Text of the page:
For the first time in my lifetime, the Republicans control both the executive and the legislative branch of government.

OK, I know, I know. The question on everyone's mind, that no one is talking about--what does this election result mean for space policy?

OK, well maybe not on everyone's mind. But if you're a regular reader of this column, you're probably curious.

In one sense, the answer is simple--not much, at least in the near term.

The only immediate effect will be from changes in committee assignments in the Senate, and while there may be people who track such things well enough to make predictions, I don't. We'll find out in the next few weeks, since Jim Talent's win in Missouri means that the Republicans take over the Senate almost immediately, rather than waiting until January, as would usually be the case.

On the authorization side (in which the Senate decides what programs they wish to fund, and how to fund them), the current chairman of the space subcommittee is Sen. Ron Wyden of Oregon. Sen. George Allen of Virginia is the ranking member, so it's possible that he'll get the chair if he wants it. He might, since Langley Research Center, one of the NASA centers, is in his state. But other possibilities are Sen. Kay Bailey Hutchison from Texas (the Johnson Space Center is in Houston), and Sen. Conrad Burns, of Montana. Sen. Ted Stevens, from Alaska, is also a possibility.

I'd hope for Sen. Burns, because Montana doesn't have any NASA centers, and he's inclined to favor more free-market approaches.

But the more important issue is the appropriations committee, because this is where the funding actually comes from. Sen. Barbara Mikulski of Maryland, where the Goddard Spaceflight Center is located, is currently the committee chairman. I suspect that Sen. Christopher "Kit" Bond, the current ranking member, will take over. Like Burns, he'd be unlikely to play center favorites, since Missouri, his state, has no space industry.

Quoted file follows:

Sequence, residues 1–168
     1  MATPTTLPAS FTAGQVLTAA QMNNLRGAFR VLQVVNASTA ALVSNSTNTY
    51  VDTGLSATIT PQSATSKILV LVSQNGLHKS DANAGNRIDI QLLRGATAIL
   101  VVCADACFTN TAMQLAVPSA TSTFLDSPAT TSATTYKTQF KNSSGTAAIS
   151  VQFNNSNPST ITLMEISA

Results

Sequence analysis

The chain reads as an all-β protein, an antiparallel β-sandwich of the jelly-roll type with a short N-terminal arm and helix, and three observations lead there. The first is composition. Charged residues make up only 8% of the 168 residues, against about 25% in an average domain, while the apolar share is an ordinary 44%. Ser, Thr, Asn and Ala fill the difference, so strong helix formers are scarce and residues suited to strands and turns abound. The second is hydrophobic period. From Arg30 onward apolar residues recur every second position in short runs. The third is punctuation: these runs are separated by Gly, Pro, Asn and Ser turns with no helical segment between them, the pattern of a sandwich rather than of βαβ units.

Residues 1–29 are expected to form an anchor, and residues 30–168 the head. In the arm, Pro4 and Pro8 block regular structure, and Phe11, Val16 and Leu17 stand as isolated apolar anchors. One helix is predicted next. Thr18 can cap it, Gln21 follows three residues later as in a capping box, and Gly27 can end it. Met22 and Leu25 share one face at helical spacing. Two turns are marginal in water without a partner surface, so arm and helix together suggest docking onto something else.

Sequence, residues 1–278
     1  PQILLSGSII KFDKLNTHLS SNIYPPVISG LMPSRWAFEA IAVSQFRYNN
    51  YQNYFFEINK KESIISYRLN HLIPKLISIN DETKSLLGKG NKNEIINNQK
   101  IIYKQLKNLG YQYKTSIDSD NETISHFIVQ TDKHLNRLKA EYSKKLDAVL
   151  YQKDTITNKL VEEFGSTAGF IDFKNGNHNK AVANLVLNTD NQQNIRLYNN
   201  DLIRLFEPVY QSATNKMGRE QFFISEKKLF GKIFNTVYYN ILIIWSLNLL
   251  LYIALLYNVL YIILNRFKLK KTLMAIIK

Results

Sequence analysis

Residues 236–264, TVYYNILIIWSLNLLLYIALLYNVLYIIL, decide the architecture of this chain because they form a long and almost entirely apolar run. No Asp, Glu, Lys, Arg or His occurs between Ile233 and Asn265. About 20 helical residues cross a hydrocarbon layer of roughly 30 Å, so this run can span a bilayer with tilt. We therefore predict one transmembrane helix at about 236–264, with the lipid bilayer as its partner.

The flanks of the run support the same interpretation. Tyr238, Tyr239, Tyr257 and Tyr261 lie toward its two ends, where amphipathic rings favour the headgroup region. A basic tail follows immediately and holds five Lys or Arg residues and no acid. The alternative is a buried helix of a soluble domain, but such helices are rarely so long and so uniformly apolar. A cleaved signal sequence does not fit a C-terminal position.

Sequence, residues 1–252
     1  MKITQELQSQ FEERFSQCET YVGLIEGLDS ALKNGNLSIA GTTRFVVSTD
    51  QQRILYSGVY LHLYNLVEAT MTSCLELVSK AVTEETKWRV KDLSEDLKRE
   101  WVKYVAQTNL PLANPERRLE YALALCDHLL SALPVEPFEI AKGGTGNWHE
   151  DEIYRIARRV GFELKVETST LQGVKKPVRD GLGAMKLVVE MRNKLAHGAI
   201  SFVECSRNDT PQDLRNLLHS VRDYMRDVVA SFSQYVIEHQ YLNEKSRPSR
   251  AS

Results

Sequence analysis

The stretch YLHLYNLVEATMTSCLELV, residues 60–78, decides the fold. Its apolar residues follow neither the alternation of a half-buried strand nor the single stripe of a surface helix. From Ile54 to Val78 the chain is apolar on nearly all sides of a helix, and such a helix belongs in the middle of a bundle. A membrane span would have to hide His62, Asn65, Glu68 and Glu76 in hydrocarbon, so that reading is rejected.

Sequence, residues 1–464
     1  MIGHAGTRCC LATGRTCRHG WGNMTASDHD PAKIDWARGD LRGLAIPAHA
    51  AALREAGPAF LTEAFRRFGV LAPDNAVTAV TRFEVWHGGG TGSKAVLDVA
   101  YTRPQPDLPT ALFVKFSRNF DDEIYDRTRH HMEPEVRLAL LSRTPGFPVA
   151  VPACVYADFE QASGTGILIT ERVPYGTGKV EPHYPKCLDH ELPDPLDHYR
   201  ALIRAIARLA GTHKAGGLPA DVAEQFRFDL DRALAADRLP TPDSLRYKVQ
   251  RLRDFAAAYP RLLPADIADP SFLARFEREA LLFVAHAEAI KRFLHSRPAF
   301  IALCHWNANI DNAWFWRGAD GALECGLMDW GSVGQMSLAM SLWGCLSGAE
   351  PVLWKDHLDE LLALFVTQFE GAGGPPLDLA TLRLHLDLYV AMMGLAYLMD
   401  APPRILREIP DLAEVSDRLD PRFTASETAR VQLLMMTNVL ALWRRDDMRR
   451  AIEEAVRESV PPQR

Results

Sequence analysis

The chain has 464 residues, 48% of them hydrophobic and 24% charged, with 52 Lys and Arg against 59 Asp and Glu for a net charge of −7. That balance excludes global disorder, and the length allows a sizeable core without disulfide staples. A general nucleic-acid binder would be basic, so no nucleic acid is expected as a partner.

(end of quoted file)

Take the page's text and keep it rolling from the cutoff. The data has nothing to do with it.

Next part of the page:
But in another sense, we may in fact be on the verge of a sea change in space policy.

Many in the space community cling desperately to the Apollo myth, born of the Cold War exigency of the early 1960s.

A visionary president calls forth the nation to great achievements in space, and in response, it rallies to send men forth to the cosmos. If only we could get another such visionary in the White House, what celestial greatness could our America once again accomplish! Not just the moon this time, but perhaps we can send men to the Red Planet itself--Mars!

This remains a dream--and a fantasy.

There is no compelling need for another program to send a few elite astronauts to another planet, to entertain the plebes remaining behind, viewing as voyeurs, and it's futile and naive to expect such an initiative from an administration desperate to win reelection and cement its new-found powers two years from now. Other issues are much more vital to the American people, and they will be given the focus.